I’m going to preface this with a warning – if you’re an advocate of fad diets or detoxes / cleanses, you may want to find a different post to read. I don’t want to start your day off on the wrong foot, or make you question everything you believe to be true.
Alright, now that the serious stuff is taken care of, let’s chat about these two lovely topics. They’re EVERYWHERE – all over the cover of fitness and tabloid magazines, TV commercials, and radio ads. I’ve lost count how many times co-workers or peers have asked me about detox plans, or X, Y, Z diet plans. As soon as the sentence starts, (“hey, have you ever heard of …”), my skin starts to crawl and I feel my defense system rearing its head. Defending what, exactly? The dignity of health and wellness, that’s what.
The simple definition of “fad” should be telling enough to keep you away – “an intense and widely shared enthusiasm for something, especially one that is short-lived and without basis in the object’s qualities; a craze”. However, to give some benefit, it’s not like these diets are explicitly marketed as fads… you need to read between the lines a little bit.
Warning signs to look for:
- Extremely low calorie counts
- Removing a food or food group (e.g., carbs, dairy)
- Only eating one food or food group
- Relying on supplements or “fake” (processed) foods for most meals
- Big promises for weight loss in a short time frame
FYI – safe weight loss rates are 1 – 2 lbs per week, on average. This might mean some weeks you don’t lose anything, and then lose 4 lbs the following week – this is fine. Look at the average over 4 – 6 weeks to see how you’re doing.
What’s my problem with fad diets? Usually they’re unsustainable for the long-term due to their restrictive nature, they don’t teach you proper nutrition habits, and don’t provide the proper vitamin, mineral, and nutrients for health. They lead to the yo-yo pattern of weight loss, followed by a greater weight gain, which is hard on a person mentally and physically. Why does yo-yoing happen? After being on a restricted plan and missing your favorite foods for a length of time, once the “diet” is over and you’ve reached your goal weight… freedom! You welcome back all those foods you’ve missed, usually in excess. Moderation and balance weren’t part of the diet, so how were you supposed to learn it?? The surplus of calories you now take in adds up on your body. And quickly.
Here’s as good way to judge a diet: if you can’t see yourself living forever on X, Y, Z diet, it’s not a good option. Also, if a diet has a timeline (“only do this for 21 days, max”), you should know it’s not a healthy option! This timeline is given for health reasons and should be a giant red flag to you. Please don’t tell me you’re doing this diet just to “kick start” your weight loss – cleaning up your eating habits with a balanced plan will do the same thing… safely and in a maintainable fashion for LIFE.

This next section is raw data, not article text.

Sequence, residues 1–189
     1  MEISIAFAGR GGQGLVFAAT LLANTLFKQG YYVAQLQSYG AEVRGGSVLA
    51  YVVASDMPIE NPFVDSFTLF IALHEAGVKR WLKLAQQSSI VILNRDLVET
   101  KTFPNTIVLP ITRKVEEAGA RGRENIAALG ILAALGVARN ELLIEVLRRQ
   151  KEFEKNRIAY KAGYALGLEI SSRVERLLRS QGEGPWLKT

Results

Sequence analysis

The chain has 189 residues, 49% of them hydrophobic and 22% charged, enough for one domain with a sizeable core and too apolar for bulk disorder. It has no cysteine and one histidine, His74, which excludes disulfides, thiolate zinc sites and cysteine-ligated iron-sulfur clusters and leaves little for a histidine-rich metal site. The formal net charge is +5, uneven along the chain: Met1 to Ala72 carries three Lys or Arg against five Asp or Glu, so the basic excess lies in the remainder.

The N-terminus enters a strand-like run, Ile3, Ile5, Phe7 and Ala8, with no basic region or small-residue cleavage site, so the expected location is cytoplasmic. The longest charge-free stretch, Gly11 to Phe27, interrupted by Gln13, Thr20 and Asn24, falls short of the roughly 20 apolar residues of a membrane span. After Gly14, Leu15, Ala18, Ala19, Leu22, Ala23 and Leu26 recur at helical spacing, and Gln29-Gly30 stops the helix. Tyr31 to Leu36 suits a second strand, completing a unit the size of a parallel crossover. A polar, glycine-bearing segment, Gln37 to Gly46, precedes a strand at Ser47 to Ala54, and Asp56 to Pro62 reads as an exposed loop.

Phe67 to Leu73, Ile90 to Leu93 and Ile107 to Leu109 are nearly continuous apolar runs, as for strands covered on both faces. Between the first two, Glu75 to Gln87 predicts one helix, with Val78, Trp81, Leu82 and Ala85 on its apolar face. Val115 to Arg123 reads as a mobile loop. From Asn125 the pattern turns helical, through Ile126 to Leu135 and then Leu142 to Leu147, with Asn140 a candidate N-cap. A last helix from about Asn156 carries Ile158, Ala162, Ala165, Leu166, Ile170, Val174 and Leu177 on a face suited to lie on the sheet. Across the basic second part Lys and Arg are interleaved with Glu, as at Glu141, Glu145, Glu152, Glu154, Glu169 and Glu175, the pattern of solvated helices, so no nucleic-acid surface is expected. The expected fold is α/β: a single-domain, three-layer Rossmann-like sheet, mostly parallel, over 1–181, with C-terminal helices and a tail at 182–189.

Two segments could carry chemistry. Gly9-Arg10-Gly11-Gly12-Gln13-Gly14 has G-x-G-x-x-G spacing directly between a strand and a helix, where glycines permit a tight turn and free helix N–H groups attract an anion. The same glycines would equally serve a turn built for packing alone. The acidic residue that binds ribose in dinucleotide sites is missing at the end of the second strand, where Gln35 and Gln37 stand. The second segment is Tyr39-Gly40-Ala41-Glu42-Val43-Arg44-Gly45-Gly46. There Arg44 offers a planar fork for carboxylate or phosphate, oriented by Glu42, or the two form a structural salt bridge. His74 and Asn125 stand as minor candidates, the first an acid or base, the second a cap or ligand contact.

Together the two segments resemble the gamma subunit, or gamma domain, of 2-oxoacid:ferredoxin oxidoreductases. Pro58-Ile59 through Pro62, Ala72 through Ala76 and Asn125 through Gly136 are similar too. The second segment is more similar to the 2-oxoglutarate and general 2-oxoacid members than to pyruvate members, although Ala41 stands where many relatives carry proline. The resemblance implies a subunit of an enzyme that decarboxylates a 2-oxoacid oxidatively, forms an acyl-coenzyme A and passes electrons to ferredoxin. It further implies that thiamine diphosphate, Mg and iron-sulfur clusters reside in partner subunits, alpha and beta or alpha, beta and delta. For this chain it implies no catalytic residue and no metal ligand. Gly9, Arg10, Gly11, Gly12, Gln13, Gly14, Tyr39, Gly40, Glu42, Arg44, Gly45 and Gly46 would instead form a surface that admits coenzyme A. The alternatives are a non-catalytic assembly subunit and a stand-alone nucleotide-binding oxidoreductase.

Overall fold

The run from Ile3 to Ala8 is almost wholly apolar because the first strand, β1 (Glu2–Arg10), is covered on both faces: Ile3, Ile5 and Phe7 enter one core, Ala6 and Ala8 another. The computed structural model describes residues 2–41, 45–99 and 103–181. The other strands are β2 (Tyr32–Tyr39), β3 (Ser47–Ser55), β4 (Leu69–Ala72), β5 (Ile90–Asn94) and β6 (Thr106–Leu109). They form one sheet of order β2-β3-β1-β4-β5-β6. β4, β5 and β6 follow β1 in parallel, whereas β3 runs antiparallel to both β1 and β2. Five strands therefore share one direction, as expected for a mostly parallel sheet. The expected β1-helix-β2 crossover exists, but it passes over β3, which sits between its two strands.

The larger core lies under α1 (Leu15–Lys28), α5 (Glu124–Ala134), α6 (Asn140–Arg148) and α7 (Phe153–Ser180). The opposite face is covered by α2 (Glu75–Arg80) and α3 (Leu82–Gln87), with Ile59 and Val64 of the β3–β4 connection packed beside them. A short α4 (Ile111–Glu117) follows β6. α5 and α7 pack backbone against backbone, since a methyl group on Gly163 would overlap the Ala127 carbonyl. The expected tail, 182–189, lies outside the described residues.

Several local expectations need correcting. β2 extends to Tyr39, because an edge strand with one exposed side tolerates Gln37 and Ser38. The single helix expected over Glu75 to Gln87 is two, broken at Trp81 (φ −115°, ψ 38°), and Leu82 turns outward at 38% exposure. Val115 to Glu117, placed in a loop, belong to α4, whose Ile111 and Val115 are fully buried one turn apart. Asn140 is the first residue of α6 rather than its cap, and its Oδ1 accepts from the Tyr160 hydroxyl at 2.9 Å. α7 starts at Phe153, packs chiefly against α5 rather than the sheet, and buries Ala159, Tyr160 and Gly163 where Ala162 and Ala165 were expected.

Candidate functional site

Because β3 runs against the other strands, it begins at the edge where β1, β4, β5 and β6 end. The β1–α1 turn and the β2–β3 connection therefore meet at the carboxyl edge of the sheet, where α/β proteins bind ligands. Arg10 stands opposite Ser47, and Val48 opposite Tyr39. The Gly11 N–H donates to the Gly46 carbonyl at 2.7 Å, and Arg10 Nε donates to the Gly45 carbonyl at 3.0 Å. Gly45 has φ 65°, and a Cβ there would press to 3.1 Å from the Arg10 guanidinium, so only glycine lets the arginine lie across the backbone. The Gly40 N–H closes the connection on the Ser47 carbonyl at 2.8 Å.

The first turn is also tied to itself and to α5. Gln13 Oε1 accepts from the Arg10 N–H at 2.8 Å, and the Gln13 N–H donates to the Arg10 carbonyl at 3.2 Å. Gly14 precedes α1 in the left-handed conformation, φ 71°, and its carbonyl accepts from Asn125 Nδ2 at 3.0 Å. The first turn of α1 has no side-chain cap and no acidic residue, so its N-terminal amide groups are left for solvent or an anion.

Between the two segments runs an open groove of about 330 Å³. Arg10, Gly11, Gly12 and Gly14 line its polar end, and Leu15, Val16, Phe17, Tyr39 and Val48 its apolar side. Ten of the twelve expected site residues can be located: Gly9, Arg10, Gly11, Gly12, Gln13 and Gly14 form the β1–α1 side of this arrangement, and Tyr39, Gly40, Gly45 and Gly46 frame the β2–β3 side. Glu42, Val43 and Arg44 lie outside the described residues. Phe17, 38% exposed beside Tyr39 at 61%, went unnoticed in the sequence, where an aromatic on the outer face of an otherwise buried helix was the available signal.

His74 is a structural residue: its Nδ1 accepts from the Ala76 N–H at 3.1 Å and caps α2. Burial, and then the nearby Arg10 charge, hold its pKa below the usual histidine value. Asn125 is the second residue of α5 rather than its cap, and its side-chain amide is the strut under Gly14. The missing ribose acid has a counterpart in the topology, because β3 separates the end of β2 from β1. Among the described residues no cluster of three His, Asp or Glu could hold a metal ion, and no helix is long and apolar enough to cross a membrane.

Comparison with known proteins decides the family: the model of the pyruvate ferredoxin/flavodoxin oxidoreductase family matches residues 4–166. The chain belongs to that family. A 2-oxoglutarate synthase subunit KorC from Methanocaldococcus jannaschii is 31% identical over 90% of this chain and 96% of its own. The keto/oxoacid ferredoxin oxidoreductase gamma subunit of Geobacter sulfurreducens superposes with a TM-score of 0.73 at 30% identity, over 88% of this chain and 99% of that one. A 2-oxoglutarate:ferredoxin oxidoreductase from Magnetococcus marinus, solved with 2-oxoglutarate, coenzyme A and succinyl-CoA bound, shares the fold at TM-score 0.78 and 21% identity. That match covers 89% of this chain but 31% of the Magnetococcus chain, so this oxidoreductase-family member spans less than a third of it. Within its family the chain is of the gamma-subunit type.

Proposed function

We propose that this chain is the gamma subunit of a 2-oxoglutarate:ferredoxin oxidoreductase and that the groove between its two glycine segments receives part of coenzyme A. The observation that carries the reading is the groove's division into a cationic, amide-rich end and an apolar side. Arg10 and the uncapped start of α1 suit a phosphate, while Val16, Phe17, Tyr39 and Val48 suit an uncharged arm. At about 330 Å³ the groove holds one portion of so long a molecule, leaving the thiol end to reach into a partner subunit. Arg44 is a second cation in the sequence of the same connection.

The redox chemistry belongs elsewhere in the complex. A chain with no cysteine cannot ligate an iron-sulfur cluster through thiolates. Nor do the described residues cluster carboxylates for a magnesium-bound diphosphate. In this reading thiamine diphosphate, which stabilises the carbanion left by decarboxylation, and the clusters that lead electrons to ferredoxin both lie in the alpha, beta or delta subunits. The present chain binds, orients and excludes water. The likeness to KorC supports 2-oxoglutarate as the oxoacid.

Detox – A process or period of time in which one abstains from, or rids the body of toxic or unhealthy substances.
I’ll admit that I’ve used this term on numerous occasions to voice my need to limit some unhealthy habits (copious amounts of rye and diet coke a few years ago). But, I’ve never once attempted, or even thought about, taking on an actual detox or cleanse.
What are they? Detox diets usually rely on using raw fruit / vegetables, juices, certain herbs and supplements, while following a restrictive diet in an effort to rid the body of toxins. Research hasn’t found detoxes to do any better of a job of eliminating toxins than healthy eating does. People may claim that they feel better after doing a detox, but it’s likely just from cutting down on the high fat and sugary foods in general – not the detox products.
This is what I believe –
We have this organ called a liver, and its main function is to break down waste in our body and carry it through our system for removal. It also helps the body absorb nutrients. Additionally, our kidneys filter waste from our blood, which is removed in our urine. Our body is a pretty impressive machine, made with all the parts it needs to function – including “cleaning” itself – hey, essentially that’s what detoxing is all about right?Obviously, if you have a medical condition which affects these organs, you’re likely working with a medical professional to keep things running properly.
So, if you treat your body right it can take care of itself. No need to pump it full of swamp-water drinks, nasty tasting teas, foreign foods no one can pronounce, or starve it of nutrients from real foods.
Remember, these are my thoughts and beliefs. I don’t believe in fad diets, I believe in eating well year-round with a balanced diet – something that helps me reach my own personal goals and feeling good. I don’t believe in detoxes or cleanses because I make an effort to keep my body running well enough with healthy, whole foods and plenty of water, to do that job itself.
The bottom line – save your body and mind the stress of any of these things. Eat a healthy, balanced diet full of colorful fruit and vegetables, protein, carbs, and good fats. Wash it all down with plenty of water and make sure you get enough fibre to help everything flow through. These simple acts alone will help your body process everything, run optimally, and help manage your weight. Don’t over-complicate things!